Today, Vivian Schiller resigned as chief executive officer of National Public Radio. “I’m told by sources that she was forced out,” NPR’s media correspondent, David Folkenflik, has reported. Her sudden departure marks an abrupt end to a long-winding climb up the corporate ladder.
In 1983, Schiller graduated from Cornell University with a bachelor’s degree in Russian and Soviet Studies. Two years later, she earned a master’s degree in Russian at Middlebury College. Her first journalism gig was translating Russian in the former Soviet Union for Turner Broadcasting. For ten years, she served as Turner’s vice president of development, producing many award-winning documentaries, such as Hank Aaron: Chasing the Dream.
The climb continued: Between 1998 and 2002, she served as executive vice president of CNN Productions, where she helped launch People in the News
and CNN Presents
. Afterward, she worked as senior vice president and general manager at the Discovery Times Channel for four years. From May 2006 to December 2008, Schiller was senior vice president and general manager of the New York Times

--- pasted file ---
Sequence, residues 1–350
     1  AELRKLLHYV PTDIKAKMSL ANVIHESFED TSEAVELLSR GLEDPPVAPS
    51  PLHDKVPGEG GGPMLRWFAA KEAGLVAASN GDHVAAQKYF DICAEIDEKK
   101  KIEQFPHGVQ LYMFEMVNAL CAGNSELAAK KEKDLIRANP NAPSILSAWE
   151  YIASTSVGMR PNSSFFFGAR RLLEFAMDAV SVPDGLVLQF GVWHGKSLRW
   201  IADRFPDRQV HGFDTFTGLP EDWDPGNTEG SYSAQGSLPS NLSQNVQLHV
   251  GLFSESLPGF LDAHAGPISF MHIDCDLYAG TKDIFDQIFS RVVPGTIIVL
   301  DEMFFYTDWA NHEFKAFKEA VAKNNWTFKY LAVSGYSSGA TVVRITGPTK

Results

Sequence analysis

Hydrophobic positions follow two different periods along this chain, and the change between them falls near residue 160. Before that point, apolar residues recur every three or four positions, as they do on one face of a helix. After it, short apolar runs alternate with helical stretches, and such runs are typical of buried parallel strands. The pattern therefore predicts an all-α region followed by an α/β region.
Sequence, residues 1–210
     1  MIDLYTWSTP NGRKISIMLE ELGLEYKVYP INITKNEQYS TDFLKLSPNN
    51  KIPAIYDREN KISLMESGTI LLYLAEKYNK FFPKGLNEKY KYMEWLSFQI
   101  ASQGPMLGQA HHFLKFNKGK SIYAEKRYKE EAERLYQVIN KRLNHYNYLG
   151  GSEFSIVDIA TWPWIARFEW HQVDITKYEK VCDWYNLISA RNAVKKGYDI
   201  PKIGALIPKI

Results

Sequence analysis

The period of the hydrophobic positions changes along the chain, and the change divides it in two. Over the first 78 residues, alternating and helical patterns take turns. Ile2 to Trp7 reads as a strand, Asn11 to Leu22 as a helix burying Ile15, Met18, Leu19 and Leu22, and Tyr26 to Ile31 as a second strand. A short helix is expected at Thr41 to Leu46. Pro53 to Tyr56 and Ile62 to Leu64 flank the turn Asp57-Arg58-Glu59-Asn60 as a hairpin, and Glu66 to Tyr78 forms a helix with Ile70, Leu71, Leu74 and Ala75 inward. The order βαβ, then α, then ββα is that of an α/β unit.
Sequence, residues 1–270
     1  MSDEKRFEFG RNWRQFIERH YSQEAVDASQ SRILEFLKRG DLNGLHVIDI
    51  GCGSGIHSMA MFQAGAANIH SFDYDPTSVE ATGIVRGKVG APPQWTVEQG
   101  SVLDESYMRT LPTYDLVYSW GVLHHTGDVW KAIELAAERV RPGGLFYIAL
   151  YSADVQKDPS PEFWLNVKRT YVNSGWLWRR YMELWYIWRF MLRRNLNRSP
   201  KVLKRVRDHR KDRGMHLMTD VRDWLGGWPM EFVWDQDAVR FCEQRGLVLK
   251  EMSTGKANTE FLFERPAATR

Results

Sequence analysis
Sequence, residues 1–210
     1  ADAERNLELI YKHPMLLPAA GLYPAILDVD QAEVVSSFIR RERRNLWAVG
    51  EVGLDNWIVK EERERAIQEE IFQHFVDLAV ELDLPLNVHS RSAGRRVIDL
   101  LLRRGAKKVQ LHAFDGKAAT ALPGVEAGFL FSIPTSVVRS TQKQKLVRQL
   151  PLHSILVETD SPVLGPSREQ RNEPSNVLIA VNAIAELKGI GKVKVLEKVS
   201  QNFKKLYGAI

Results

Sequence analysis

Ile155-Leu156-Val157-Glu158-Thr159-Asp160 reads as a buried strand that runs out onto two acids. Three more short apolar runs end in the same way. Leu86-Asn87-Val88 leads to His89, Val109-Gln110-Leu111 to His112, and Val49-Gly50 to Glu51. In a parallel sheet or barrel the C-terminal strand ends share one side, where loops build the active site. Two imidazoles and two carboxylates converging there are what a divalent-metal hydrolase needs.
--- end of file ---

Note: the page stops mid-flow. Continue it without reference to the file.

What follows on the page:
’ website. Finally, in January 2009, Schiller took the helm at NPR.
Once she sat atop the corporate pyramid, however, Schiller began to feel tremors below. Last October, she bungled NPR’s firing of longtime analyst Juan Williams. The Fox News contributor got the boot after he admitted on The O’Reilly Factor, “When I get on a plane, I got to tell you, if I see people who are in Muslim garb and I think, you know, they’re identifying themselves first and foremost as Muslims, I get worried. I get nervous.”
Although many observers viewed NPR’s actions askance — how exactly did Williams’s comment compromise his analysis? — Schiller ridiculed his protests, saying that he should have kept his misgivings about Muslims between himself and “his psychiatrist or his publicist.” The wisecrack provoked howls of outrage. Schiller later apologized “to Juan and others for my thoughtless remark.” But her original comment sealed her in many people’s minds as a liberal media titan.
And now the titan has fallen. When news broke that a former NPR executive had bashed the Republican party as racist, Schiller quickly headed for the door. Joyce Slocum, a senior executive, has assumed the role of interim CEO. David Edwards, chairman of the board, has said the board accepted Schiller’s resignation “with understanding, genuine regret, and great respect for her leadership of NPR these past two years.”
But what did Schiller do over the last two years except besmirch NPR’s reputation and bring it to the brink of losing its federal funding?
— Brian Bolduc is a William F. Buckley Fellow at the National Review Institute.